10 Sites Off The Bourbon Street's Beaten Path

6.3.2013

By Out.com Editors

New Orleans adventures for after you've gotten your French Quarter fix.

Once you've gotten your fill of the French Quarter, sampled the Big Easy's culinary spread and soaked in New Orleans' art scene, get outside and enjoy some of the region's natural attractions. From casual strolls to intensive hikes, from fishing to biking, Nawlins has just what you're looking for when it comes time to take in some fresh air.

1. Cruise City Park Botanical Gardens: Located in the Northern part of town, City Park is possibly the most convenient and varied of all New Orleans' outdoor excursions. In addition to hosting to the Besthoff Sculpture Gardens Bryan Batt mentioned, the Park's home to spectacular botanical and Japanese gardens, awe-inspiring oak trees and over 2,000 species of plants, most of them local, and tennis courts, too. While hurricane Katrina destroyed most of the park's plant life, the park, like New Orleans itself, rebuilt and regrew and is definitely worth a bus ride uptown. Fun fact: City Park, organized by the Depression-era Works Progress Administration, was the city's first public park.

2. All About The Audubon Institute: If want to see a lot but don't want to wander too far from town, check out the sea life and winged wonders at the Audubon Nature Institute's aquarium and butterfly garden on Canal Street. Then, once you've gotten your fill, hop on the Number 11 bus and head across town to the Audubon Zoo, where land beasts like rhinos and gorillas await.

3. Get Wild in the Wet Lands: About an hour outside of town, on the other side of Lake Pontchartrain, you'll find one of New Orleans' vast wetlands, Big Branch Marsh. Unfortunately for backpackers, the hikes at such places are pretty tame. The Big Branch Marsh's trail is 4.5 miles, which can be done on foot or bike, while closer to town the Fontainebleau State Park has an easy 4.8 mile hike near what was once Bernard de Marigny de Mandeville's sugar plantation. The real attractions at Big Branch and Pontchartrain's other refuges are fishing and, if you don't mind paddling, sign up for one of the historic canoe tours based out of nearby LaCombe. They're only $10, so definitely within a budget-conscious traveler's reach.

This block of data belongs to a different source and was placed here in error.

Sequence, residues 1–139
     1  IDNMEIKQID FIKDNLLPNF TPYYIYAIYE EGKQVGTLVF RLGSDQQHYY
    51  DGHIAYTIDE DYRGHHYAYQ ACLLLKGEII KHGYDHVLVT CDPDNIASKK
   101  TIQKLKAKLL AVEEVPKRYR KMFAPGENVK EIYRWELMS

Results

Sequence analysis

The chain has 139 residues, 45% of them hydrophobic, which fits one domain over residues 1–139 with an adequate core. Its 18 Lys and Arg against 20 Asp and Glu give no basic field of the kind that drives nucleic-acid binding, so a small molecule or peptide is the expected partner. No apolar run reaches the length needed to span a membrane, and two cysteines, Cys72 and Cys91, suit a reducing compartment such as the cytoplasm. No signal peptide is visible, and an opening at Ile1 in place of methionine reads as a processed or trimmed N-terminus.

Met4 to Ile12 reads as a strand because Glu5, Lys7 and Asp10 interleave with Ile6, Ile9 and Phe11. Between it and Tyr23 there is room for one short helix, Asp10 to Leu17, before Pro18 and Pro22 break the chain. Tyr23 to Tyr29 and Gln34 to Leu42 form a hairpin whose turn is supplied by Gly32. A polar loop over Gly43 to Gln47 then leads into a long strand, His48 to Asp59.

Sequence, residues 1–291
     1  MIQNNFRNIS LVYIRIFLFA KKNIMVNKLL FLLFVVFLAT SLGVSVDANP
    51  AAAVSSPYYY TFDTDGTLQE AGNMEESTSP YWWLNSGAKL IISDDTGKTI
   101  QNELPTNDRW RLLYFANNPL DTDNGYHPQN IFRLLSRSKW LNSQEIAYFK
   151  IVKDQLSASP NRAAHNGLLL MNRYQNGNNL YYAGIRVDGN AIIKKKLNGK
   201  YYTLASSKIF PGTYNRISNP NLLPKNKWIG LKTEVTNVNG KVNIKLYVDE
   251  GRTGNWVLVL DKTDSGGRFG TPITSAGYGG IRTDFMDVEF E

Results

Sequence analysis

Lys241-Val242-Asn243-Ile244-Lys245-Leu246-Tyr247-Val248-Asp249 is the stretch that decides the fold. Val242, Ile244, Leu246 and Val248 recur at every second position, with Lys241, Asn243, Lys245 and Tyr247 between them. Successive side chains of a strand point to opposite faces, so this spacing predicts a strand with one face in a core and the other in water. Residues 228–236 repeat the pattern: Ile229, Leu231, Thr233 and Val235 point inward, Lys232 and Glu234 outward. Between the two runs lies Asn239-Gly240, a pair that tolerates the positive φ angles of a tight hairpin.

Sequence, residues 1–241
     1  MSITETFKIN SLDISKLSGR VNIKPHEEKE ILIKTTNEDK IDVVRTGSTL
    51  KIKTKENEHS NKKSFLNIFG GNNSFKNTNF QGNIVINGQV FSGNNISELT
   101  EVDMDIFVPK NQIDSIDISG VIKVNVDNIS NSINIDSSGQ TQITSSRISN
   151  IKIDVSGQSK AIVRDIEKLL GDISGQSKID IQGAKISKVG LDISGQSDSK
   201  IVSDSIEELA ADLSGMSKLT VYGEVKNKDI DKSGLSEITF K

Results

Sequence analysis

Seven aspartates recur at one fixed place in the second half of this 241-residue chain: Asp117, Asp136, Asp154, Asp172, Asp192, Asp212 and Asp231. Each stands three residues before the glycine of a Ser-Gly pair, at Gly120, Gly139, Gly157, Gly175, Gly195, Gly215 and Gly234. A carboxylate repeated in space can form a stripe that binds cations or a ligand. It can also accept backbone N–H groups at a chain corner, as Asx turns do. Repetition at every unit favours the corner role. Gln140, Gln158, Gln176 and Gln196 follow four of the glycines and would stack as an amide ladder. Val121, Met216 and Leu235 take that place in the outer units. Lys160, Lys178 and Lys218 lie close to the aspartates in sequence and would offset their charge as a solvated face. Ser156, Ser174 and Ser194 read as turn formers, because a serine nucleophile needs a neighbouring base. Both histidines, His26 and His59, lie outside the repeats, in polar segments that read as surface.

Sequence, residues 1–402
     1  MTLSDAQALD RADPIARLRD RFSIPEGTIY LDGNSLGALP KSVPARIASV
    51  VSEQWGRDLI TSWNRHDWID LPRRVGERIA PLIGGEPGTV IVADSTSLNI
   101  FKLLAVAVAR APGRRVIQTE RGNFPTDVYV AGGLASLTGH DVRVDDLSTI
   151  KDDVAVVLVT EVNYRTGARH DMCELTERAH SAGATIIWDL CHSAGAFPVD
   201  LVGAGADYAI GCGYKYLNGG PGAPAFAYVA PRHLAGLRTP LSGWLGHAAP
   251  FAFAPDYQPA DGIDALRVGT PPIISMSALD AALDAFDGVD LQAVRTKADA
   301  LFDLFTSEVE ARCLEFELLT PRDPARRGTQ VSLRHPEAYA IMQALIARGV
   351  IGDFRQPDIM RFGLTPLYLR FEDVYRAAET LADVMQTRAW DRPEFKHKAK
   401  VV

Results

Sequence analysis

4. Fly Over The Water: If you want a more natural environs in which to view the gators, water snakes and other fierce creatures that call the bayou home, sign up for one of the many air boat excursions. Prices vary — one of the more popular companies, Louisiana Tour Company, has rates as low as $54 if you're able to drive to their dock — and tour times depend on the season and weather, but there are few places like Louisiana's wet lands and this is an adventure worth pursuing. And, as an added bonus, it requires little to no physical activity. You know, should you be recovering from the night before…

5. Catch A Big One: There's no shortage local fishermen more than happy to take city slickers out on Louisiana's bountiful waters. One, Bourgeois Tours, also offers seaplane outings for those who want to flee the at-times overcrowded lakes and rivers near New Orleans proper. Even if you just want to throw the fish back, why not try your hand throw out your line and see what you catch? Isn't that what traveling is all about?

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